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I need to iterate through the subdirectories of a directory and take two of the files, as arguments of an awk script. The script will compare the two files and generate other files.

I've this. But I need awk script to take as an argument files. ".*1.txt" and ".*2.txt"

for i in words/*/*1.txt words/*/*2.txt
do 
awk -f corpus_vs_flexion.awk "$i"
done

Something like:

awk -f corpus_vs_flexion.awk .*1.txt .*2.txt
# Taking them from each subdirectory in words/* 

Directory words/
               subdirectory Peter/
                                 whatever.txt
                                 whatever1.txt
                                 whatever.txt
                                 whatever.txt
                                 whatever2.txt
               subdirectory Blas/
                                 whatever1.txt
                                 whatever.txt
                                 whatever.txt
                                 whatever.txt
                                 whatever2.txt
               ........./
                                 .....
                                 ..
For each subdirectory loop: awk -f corpus_vs_flexion.awk whatever1.txt whatever2.txt
share|improve this question
    
So what are the pairs? words/Peter/whatever1.txt and words/Blas/whatever2.txt? words/Peter/whatever1.txt and words/Peter/whatever2.txt? Are the pairs always in the same directory? – terdon Feb 29 at 9:13
    
words/Peter/whatever1.txt and words/Peter/whatever2.txt are the pairs always in the same directory. For words/Peter/ awk -f corpus_vs_flexion.awk whatever1.txt whatever2.txt for words/Blas/ awk -f corpus_vs_flexion.awk whatever1.txt whatever2.txt – Firefly Feb 29 at 9:17
    
OK, please edit your question and clarify that there are always pairs in the directories. Your multiple /same/path/whatever.txt are confusing. Also, will the files always end in 1.txt and 2.txt? Or can we have 3.txt and 4.txt or anything else? – terdon Feb 29 at 9:23
    
If what you found solved your problem (and it looks like it does), add it as an answer and accept it if nobody comes up with another answer that you like better - it's perfectly acceptable to answer your own question on this site. Answers do not belong embedded in questions. – cas Feb 29 at 9:47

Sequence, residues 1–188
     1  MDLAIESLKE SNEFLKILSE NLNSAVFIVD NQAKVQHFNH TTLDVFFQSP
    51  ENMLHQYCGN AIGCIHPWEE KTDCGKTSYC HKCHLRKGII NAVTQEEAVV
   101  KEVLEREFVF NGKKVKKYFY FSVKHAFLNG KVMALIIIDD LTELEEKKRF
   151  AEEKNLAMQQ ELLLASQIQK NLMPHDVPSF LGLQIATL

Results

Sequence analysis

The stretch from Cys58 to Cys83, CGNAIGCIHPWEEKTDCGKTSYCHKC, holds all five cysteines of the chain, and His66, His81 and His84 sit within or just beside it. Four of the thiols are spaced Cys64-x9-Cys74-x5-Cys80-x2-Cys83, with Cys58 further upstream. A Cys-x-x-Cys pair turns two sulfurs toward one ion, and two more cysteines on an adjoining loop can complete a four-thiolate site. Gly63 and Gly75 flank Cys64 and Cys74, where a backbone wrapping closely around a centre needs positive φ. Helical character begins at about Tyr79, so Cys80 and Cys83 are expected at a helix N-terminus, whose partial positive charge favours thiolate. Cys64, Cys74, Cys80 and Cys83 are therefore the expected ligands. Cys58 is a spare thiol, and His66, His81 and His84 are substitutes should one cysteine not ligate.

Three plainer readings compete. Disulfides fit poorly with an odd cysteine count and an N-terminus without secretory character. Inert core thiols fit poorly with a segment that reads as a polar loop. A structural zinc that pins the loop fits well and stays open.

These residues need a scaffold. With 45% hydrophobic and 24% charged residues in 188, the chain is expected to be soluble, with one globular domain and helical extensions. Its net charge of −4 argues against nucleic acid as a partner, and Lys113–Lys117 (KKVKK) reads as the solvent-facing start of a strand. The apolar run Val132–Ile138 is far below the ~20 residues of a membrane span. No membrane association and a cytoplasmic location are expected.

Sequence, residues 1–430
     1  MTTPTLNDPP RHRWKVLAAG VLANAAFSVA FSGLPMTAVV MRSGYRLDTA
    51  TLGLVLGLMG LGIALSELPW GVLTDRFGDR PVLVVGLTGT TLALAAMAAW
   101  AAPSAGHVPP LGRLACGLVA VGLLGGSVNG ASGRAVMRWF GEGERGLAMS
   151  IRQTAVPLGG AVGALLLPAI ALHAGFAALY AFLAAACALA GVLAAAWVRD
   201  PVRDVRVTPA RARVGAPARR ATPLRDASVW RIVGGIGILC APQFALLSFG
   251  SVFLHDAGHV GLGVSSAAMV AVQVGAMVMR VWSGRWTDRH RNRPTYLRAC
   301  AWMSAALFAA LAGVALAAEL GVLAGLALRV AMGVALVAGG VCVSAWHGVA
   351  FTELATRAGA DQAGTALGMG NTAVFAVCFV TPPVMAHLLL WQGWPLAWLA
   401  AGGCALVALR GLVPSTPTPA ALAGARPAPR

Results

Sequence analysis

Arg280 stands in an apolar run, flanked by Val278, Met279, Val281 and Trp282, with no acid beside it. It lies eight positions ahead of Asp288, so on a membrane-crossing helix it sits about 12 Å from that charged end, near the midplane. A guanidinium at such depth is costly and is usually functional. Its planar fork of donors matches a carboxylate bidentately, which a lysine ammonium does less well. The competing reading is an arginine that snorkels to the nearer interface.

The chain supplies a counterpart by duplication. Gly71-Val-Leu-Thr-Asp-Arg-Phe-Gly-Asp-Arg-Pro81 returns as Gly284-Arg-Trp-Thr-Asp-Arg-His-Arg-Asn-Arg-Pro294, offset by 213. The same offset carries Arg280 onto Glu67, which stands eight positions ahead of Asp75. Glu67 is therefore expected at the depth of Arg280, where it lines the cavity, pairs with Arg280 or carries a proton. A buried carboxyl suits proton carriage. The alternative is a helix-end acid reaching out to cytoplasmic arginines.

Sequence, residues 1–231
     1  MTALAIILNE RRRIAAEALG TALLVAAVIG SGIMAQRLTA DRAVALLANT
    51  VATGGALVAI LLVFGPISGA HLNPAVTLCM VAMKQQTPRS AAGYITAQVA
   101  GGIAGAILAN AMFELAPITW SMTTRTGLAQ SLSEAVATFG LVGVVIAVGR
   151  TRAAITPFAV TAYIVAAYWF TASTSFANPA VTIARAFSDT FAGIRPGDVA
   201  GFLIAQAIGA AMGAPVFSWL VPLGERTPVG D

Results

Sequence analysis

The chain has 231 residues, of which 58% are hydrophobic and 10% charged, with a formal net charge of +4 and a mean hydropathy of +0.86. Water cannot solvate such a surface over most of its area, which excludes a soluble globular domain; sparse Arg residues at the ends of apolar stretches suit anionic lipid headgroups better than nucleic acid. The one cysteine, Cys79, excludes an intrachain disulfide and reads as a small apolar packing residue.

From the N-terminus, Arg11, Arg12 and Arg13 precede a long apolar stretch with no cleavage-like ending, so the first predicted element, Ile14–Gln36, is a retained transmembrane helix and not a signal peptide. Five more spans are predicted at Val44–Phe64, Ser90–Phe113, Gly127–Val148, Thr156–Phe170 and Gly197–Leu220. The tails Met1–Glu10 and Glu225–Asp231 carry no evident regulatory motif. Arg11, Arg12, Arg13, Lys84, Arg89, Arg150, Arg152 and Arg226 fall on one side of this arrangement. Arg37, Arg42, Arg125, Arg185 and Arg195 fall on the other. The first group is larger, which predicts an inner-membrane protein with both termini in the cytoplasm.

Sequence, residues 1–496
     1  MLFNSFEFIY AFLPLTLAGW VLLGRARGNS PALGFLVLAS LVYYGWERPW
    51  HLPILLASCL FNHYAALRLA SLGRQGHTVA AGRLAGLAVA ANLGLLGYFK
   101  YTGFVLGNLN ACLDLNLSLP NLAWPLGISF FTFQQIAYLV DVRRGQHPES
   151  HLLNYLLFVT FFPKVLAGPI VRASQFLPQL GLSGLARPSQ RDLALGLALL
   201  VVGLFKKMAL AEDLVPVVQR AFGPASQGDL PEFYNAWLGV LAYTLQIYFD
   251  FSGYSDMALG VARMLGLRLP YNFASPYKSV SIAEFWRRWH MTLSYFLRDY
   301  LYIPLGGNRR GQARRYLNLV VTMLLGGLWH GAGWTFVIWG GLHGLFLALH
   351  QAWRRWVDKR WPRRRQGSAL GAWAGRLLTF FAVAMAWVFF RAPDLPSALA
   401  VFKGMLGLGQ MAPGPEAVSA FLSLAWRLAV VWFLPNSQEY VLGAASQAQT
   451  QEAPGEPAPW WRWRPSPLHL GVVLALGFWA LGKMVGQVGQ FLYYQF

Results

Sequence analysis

@cas You're right!! Done! – Firefly Feb 29 at 9:52
up vote 4 down vote accepted

Ok, with file names occurring in matching pairs, you could use the following:

for f in words/*/*1.txt ; do awk -f corpus_vs_flexion.awk "$f" "${f%1.txt}2.txt" ; done

The "${f%1.txt}2.txt" phrase says "use the filename of "$f" but remove the ending 1.txt and add ending 2.txt instead".

share|improve this answer
    
Files to process in each subdirectory. End in "1.txt" and "2.txt". Example: "blabla1.txt" or "blublu2.txt", plus there may be more files with other different names. Then I have to use a regular expression to process – Firefly Feb 29 at 8:45

I have been reading a bash book, and I found what I needed!

typ1_files=(words/*/*1.txt)
typ2_files=(words/*/*2.txt)

for ((i=0;i<=${#typ1_files[@]};i++)); do
   awk -f corpus_vs_flexion.awk "${typ1_files[i]}" "${typ2_files[i]}"
done
share|improve this answer
1  
i'm unsure if your answer or @Ralph's answer is better. Both assume that there will always be a matching 2.txt for each 1.txt. Your answer has the potential to get out of sync (with elements from typ1_files not corresponding to matching elements from typ2_files - i.e. referring to unrelated 2.txt files in another directory) and messing up the entire run from the point that synchronisation failed. Ralph's answer will fail only for the specific file(s) where a matching 2.txt doesn't exist, a far less disastrous failure mode - i've changed my mind, Ralph's answer is better as it's safer. – cas Feb 29 at 9:58
    
A simple safety net would be to add a line like [[ ${#typ1_files[@]} = ${#typ2_files[@]} ]] || exit so it will exit the program if the number of files in each array isn't the same. – terdon Feb 29 at 10:00
    
yep. OTOH, that would also fail in the same way if there were 2.txt files without matching 1.txt files, so that the count remained equal. probably not an issue in real life with this set of files, but it's always worthwhile being paranoid and thinking about what could go wrong and programming defensively to avoid it. – cas Feb 29 at 10:06

If you can be sure your file search is exhaustive and not matching other files, simplify by losing the for loop and just use a command substitution with find.

awk -f corpus_vs_flexion.awk $(find /path/to/your/dir -name "*.txt" -type f | tr '\n' ' ')
                                    ^^^^^^^^^^^^^^^^^ Put your dir here
share|improve this answer
    
I have to process, whatever 1.txt and whatever2.txt at the same time, in each loop. awk -f corpus_vs_flexion.awk whatever1.txt whatever2.txt for each subdirectory. – Firefly Feb 29 at 8:58

I like Ralph's answer. This might also work (untested)

find. -name '*[12].txt' -print0 | xargs -0 -n 2 awk '...'
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